Milan red top turnips
A firm favourite since Roman times, turnips are nowadays typically used in French and Japanese cooking. From a palate perspective, if you want a more delicate flavour turnips are best eaten when young and tender. However, if it’s a stronger flavour you’re after then go for older turnips. When planting, turnips do well near peas and members of the onion family but tend to compete for resources if planted near other root vegetables. These vegetables are ideal for the winter months, grated into warm salads or mashed into soups and casseroles.
One cup of cooked turnip contains just 53kJ (13cal), 10mg vitamin C and 1.9g fibre.
Grandma’s go-to for a vitamin C kick, navel oranges are in season from June to December, making them a well-timed winter fruit. During the Age of Discovery, they helped sailors avoid scurvy (which is the result of vitamin C deficiency) on long sea trips. While they are grown in sub-tropical or semi-tropical regions, the New Zealand navel orange is mainly supplied from Gisborne with 75 per cent of the country’s total grown in the region.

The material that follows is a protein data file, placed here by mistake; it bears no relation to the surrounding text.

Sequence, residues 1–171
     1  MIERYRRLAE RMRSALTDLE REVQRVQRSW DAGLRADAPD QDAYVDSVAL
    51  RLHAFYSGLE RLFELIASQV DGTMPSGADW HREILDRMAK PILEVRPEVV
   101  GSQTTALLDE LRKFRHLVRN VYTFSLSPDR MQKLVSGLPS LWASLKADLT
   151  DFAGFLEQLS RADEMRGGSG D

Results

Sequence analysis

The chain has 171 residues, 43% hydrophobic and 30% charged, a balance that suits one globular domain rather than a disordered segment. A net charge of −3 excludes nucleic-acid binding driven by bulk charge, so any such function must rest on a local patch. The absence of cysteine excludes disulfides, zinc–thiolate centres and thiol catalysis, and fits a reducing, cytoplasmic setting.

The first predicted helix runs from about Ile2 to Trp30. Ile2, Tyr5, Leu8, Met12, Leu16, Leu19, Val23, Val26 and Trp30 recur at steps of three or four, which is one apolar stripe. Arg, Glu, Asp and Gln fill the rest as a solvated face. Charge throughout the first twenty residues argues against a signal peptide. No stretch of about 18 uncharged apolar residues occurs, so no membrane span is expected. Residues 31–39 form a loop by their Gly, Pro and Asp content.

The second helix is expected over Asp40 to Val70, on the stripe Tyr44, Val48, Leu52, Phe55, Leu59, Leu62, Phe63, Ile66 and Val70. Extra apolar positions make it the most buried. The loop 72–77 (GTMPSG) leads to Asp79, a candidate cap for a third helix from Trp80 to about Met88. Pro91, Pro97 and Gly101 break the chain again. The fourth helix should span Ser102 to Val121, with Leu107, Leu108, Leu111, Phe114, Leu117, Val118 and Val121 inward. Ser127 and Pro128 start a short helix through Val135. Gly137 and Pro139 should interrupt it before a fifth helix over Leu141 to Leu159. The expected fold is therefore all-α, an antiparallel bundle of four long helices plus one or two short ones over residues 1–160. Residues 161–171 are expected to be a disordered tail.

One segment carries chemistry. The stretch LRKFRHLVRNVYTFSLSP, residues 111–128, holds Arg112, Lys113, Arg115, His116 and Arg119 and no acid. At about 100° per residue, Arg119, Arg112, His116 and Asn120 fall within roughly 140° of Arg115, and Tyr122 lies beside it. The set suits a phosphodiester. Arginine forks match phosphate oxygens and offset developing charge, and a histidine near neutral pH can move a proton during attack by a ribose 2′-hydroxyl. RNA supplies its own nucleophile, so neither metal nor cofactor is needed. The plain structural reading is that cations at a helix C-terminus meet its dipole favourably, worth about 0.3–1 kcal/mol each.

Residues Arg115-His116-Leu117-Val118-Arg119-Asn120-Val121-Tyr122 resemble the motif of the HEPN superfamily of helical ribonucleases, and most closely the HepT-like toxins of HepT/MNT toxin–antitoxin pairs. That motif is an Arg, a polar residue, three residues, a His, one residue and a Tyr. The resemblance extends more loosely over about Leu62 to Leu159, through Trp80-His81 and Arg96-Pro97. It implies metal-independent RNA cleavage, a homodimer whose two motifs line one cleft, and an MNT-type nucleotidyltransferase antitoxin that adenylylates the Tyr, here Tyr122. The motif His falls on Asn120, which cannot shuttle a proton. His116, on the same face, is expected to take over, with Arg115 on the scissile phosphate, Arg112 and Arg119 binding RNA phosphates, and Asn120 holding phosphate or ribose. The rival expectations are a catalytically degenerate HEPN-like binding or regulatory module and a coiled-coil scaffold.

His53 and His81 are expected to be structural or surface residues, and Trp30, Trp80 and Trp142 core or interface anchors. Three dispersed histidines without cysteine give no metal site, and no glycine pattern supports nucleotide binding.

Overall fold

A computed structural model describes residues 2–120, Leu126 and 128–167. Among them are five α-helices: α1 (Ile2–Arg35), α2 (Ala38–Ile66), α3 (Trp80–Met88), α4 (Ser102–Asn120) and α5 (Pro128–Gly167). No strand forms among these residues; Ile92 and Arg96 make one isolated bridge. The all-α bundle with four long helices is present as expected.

These citrus fruits tend to not have seeds, which resulted in farmers having to use techniques like cutting and grafting to grow new trees. Eating navel oranges fresh is best, since juicing them can release limonin monolactone (found in the flesh) which, once in contact with the acidic juice, slowly converts to limonin and makes the juice bitter.
One orange provides 72mg vitamin C – that’s 38 per cent of the suggested dietary target for women and 33 per cent for men. They’re also a good source of folate and potassium. Another good reason to eat the whole orange is you’ll get 2.6g fibre.
Fresh this month
Harvested in New Zealand gardens in August
Broad beans, broccoli, Brussels sprouts, cabbage, carrots, cauliflower, celeriac, celery, fennel, Jerusalem artichokes, kale, leeks, lettuce, yams, parsnips, radishes, rhubarb, silver beet, swedes, turnips, watercress
Chives, marjoram, mint, oregano, rosemary, sage, thyme
Grapefruit, lemons, Satsuma mandarins, navel oranges, tamarillos, tangerines
Article sources and references
- Maier VP & Beverly GD. 1968. Limonin monolactone, the nonbitter precursor responsible for delayed bitterness in certain citrus juices. Journal of Food Science 33https://onlinelibrary.wiley.com/doi/abs/10.1111/j.1365-2621.1968.tb03661.x
- National Health and Medical Research Council and Ministry of Health. Recommendations to Reduce Chronic Disease Risk, nrv.gov.au/chronic-disease/ summary Accessed June 2019https://www.nrv.gov.au/chronic-disease/